Rise Ashen: When we initially created the song, it was a sonic comment on the state of the world at the time. We felt like this pandemonium was breaking out. The pandemic had just started and we were just kind of playing on pandemic pandemonium. I think Darcie took it in a different direction, something much more focused on current events, especially with the conflicts around mining in the north. That was her vision that she brought to it. It’s also a beautiful visual document of the north. If you’ve ever been that far north, you know how the colour palette is. It’s just absolutely unmistakably northern. I think that was the call and response. We were actually the ones putting the call out. Darcie was the one who was doing the response. So her response was that and it ended up creating this other thing I don’t think we had ever really thought about. It kind of landed in our lap. Thanks to Every Seeker for putting us together with Darcie! They brought a whole other thing to it and created this beautiful visual work. Then I was blessed to be able to remix their work as well. So, yeah, it was this fortuitous thing that happened. We’re blessed to have it happen.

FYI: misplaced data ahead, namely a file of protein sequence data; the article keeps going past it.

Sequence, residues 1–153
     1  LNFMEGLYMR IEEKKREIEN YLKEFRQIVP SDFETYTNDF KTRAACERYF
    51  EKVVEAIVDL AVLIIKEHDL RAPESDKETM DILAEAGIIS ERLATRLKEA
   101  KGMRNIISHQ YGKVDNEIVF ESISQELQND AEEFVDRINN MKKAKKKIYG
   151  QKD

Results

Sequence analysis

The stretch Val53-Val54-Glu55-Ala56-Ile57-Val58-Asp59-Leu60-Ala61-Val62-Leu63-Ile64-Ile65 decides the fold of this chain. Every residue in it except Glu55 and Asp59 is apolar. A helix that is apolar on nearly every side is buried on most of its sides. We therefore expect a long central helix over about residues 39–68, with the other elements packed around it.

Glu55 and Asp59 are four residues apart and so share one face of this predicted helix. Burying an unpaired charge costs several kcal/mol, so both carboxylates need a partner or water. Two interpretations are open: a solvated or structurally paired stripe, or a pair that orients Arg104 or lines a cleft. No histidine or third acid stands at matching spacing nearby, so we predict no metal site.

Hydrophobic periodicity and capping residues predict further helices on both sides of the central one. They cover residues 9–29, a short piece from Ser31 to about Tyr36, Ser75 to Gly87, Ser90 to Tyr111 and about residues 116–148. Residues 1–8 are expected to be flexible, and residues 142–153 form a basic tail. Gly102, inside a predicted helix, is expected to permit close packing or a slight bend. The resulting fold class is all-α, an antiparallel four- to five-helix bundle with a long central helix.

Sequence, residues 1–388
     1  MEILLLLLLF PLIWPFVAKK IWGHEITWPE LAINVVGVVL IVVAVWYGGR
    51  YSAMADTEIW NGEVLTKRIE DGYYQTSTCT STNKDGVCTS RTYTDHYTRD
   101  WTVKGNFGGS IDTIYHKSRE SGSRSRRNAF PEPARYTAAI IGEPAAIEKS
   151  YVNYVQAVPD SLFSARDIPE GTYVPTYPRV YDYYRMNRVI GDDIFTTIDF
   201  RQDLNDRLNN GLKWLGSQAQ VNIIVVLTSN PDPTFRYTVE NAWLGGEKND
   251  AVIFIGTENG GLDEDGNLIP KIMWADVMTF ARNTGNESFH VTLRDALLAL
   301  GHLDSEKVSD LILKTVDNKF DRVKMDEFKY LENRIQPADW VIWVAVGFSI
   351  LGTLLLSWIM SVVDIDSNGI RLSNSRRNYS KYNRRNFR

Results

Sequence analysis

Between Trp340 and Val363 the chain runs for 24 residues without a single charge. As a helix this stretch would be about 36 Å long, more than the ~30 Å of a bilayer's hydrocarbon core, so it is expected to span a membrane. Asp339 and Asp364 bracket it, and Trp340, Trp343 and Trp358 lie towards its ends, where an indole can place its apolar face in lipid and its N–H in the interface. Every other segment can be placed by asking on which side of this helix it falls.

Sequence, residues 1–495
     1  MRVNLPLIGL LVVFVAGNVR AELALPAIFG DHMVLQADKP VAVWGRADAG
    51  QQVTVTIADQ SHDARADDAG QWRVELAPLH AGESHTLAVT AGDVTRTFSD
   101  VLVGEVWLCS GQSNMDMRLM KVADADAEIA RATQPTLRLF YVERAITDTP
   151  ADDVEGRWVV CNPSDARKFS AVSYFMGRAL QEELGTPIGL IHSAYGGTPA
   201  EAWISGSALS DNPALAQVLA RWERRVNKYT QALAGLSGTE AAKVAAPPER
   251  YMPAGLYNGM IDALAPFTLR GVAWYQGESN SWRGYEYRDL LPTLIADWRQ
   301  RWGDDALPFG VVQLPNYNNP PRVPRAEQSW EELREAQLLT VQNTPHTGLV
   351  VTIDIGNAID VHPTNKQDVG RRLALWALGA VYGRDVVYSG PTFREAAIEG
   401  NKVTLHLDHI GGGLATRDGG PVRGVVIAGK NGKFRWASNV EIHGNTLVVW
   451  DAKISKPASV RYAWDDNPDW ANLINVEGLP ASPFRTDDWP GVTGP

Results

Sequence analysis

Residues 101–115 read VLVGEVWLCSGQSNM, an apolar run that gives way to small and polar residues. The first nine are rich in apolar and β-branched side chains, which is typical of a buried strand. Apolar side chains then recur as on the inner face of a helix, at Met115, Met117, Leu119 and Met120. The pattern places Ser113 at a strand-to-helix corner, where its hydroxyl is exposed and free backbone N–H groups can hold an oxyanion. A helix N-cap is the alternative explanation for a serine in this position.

EC: Charlotte [Carleton], can you talk about what it was like to join Silla and Rise?